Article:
Good Day to You, Sir


The Vegas Art Guy said...

I had a few of those as well. One kid asked me why he was failing and I told him he was missing, get this...

21 assignments...


Don, American said...

Didn't any of the "experts" (people from the district office who have never been in a classroom) tell you that if the little darlings failed, it's your fault?

Mrs. Bluebird said...

Wow, the mother requested it and the district actually did it? Amazing. The party line we get here is "We have all these marvelous programs to help them once they get to high school." Yeah, well, it's too late for many of them by then but they'll keep throwing money at the problem with all these special programs.

Anonymous said...

One of mine has F's in nearly all periods (passing PE, and a D's in science) for every single marking period. He's been regularly disruptive, and last week the mom succeeded in getting a same-day diagnosis of ADHD. Apparently this qualified him as a resource student, and since he was "denied services," he cannot be failed. He will promote with the rest of my hard-working students next week, and he's in my homeroom, so I have to read his name. Mom even had the audacity to ask for extra promotion tickets. I meet with her tomorrow to inform the two of them that they will be in the same situation next year and every year thereafter if the excuse-mongering shenanigans continue. I will also inform her that I am being forced to piss all over the diligence of those students who earned their passing grades. Again, I will be reading the name of a student who failed English, math, and science EVERY SINGLE TRIMESTER.

Law and Order Teacher said...

That stinks. It is hard to tell kids that hard work means success when kids like this game the system and pass on. I was very lucky with my classes this year as far as workers go. I had a bunch of achievers in my regular classes and my AP classes were winners, as would be expected. But not holding back students in middle school almost ensures that they will fail in high school. They don't magically develop study skills over the summer between 8th and 9th grades. When will schools grow a pair and stand up against the hijacking of the school system. I don't expect it any time soon.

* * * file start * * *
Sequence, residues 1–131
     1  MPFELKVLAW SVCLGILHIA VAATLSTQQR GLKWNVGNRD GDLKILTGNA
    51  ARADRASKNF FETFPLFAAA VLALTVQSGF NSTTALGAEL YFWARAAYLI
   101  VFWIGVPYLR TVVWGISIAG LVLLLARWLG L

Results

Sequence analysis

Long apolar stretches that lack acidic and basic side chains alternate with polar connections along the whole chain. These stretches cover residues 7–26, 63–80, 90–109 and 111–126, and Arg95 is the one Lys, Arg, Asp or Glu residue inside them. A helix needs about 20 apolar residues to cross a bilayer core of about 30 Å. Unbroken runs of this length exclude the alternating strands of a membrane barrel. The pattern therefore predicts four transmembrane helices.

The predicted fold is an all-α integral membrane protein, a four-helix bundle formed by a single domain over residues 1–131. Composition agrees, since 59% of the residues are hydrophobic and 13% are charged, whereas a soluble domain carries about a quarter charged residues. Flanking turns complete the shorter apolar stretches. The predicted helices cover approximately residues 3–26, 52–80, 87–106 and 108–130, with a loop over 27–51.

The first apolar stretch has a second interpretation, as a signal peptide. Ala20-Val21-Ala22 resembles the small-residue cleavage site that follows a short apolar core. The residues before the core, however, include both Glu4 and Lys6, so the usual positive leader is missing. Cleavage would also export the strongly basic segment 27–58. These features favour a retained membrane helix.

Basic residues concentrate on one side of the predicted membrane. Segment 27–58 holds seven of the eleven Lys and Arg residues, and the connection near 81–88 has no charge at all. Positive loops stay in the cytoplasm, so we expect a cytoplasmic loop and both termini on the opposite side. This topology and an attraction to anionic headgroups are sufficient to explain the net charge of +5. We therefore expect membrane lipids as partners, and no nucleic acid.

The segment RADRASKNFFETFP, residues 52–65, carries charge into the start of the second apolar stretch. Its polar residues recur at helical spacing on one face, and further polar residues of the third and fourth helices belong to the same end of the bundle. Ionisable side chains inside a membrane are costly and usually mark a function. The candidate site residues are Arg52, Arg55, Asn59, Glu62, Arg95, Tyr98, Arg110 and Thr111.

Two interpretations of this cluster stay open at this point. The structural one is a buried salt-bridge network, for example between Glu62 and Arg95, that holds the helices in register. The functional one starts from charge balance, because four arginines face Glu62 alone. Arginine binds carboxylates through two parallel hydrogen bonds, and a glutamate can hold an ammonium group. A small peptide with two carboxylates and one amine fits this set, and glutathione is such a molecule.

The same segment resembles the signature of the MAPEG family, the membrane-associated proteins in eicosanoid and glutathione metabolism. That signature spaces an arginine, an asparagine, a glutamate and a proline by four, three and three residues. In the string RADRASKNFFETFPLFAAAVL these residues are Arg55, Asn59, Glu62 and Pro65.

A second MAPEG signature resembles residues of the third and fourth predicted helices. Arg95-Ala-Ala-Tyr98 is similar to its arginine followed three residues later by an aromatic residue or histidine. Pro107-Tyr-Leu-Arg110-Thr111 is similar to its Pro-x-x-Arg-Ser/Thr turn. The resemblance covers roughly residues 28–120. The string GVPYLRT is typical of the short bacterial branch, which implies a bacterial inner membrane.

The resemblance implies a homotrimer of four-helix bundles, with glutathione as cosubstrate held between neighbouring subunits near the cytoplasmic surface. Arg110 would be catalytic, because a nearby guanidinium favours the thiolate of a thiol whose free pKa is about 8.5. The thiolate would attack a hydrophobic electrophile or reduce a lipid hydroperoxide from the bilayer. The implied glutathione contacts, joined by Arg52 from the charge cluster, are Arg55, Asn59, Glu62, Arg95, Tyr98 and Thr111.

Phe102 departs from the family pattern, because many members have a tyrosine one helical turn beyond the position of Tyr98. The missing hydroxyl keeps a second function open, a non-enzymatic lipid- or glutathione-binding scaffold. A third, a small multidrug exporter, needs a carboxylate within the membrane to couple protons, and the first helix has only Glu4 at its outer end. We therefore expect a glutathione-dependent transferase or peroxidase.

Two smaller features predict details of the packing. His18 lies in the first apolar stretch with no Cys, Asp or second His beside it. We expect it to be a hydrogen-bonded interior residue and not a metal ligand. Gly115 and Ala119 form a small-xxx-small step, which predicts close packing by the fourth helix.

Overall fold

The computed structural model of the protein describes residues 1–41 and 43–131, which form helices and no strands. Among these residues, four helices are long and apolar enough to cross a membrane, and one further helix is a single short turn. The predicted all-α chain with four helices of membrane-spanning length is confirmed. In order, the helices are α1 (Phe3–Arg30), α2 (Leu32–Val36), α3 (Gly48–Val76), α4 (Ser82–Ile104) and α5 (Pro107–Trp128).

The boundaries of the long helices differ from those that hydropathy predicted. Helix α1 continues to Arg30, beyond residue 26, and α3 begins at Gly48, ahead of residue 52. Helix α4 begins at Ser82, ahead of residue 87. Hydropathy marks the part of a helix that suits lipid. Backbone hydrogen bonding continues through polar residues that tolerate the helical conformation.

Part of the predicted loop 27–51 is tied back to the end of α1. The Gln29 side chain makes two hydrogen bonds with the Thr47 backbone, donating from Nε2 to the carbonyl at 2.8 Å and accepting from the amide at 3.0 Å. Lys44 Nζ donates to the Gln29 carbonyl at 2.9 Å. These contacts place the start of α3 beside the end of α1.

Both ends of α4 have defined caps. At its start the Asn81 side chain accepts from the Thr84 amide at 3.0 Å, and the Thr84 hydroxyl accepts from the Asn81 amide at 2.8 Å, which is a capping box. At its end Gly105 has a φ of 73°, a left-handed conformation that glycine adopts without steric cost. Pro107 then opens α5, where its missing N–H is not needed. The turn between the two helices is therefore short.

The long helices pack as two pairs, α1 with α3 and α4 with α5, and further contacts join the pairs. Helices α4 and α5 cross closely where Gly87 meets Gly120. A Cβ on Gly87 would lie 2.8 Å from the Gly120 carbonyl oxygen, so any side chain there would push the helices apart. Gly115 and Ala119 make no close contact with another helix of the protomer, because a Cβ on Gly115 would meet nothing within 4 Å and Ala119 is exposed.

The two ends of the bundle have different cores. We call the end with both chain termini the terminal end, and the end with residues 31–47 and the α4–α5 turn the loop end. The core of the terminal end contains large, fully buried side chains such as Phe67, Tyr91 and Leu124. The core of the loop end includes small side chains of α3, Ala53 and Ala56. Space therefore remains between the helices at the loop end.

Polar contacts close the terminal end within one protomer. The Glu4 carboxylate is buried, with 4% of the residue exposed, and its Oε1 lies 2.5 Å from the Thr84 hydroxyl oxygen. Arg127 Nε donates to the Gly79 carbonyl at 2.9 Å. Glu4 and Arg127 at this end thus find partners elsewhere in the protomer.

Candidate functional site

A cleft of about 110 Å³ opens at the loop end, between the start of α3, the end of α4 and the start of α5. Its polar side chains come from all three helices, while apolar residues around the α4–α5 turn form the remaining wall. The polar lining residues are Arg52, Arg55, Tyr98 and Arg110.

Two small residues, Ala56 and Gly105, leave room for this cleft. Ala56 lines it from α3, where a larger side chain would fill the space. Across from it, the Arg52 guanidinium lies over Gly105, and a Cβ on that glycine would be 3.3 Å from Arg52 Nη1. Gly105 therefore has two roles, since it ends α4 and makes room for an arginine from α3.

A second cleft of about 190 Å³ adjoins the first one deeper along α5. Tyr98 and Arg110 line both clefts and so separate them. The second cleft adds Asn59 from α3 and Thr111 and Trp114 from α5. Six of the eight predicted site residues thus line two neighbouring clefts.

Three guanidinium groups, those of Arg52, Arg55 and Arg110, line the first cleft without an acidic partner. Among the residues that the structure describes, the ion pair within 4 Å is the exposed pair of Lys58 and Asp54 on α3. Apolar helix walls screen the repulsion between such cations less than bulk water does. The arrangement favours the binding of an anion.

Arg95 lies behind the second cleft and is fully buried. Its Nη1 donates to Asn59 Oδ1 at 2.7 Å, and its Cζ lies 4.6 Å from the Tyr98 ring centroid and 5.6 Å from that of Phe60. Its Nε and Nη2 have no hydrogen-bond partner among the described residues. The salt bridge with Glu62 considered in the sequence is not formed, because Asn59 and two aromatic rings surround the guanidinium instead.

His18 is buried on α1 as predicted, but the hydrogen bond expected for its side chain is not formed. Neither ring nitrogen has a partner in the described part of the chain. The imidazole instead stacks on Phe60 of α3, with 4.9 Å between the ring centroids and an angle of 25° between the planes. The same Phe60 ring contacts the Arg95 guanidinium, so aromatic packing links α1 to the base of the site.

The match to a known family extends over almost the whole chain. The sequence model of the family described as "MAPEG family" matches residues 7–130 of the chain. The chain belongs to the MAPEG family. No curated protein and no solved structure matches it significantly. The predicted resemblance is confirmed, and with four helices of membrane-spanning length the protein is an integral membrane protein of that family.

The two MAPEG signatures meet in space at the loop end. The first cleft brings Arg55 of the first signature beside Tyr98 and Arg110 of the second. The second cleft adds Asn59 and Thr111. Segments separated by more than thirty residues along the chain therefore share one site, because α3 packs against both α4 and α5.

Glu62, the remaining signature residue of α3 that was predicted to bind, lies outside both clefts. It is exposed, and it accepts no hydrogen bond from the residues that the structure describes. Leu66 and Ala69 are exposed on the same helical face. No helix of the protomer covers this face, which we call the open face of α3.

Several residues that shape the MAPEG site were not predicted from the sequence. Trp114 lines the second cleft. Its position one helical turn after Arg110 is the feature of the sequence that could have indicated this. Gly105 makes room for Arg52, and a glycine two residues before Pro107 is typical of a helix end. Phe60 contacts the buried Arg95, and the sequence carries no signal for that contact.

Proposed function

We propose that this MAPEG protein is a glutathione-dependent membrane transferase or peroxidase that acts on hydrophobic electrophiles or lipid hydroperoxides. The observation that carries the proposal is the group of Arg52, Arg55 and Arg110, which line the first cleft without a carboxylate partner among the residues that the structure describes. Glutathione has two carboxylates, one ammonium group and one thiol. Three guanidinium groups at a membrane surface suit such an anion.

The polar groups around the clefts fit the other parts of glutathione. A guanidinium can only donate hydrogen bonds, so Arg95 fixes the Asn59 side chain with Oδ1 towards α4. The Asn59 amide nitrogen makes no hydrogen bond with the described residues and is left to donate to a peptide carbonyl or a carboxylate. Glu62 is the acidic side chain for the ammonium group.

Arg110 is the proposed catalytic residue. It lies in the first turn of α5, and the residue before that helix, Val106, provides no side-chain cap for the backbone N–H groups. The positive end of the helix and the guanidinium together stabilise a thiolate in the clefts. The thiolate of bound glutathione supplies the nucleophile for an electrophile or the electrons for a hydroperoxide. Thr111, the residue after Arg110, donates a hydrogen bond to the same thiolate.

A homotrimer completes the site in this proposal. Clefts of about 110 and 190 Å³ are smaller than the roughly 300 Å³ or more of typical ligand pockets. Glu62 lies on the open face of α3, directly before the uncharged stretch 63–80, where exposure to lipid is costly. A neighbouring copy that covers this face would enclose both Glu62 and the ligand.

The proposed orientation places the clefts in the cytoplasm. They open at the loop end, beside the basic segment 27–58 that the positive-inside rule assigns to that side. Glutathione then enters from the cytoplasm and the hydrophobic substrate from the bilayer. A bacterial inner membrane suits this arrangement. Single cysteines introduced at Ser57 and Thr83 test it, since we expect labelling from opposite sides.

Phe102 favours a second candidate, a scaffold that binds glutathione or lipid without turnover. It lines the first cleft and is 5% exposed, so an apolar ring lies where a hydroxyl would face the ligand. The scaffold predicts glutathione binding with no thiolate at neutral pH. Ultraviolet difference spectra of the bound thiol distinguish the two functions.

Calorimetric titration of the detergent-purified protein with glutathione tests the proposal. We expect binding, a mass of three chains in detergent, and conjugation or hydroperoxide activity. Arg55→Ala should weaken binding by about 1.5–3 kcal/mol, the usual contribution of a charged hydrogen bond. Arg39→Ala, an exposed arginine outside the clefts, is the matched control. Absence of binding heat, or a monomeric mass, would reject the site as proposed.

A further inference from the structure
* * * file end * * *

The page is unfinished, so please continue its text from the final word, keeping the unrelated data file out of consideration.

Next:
Anonymous said...

A quote that has become a favorite of mine,

"Every time we save a child from consequences, we weaken the child"
Jason Dorsey

I have never had a tattoo, but if I were going to get one, that would be it.

Darren said...

And what is *the school*, and *the district*, doing to help these children? It takes a *mother* to initiate retention proceedings?

This is nuts. It's not necessarily the teachers who make our public school system so ineffective (although there are some who do), it's the nature of the system itself.

Texas Truth said...

Tough love is hard, but I love it. I had two seniors that did not walk because they failed. My class was one of the classes they failed. The counselors called about two weeks ago and inquired if there was any way these two young ladies would pass. I stated no, as they had missed two many days of class and it would be difficult for them to get the makeup work done. I gave it to them anyways, and guess what; neither turned any of it in.


I did feel good when I saw their names in the graduation program but their names were not announced.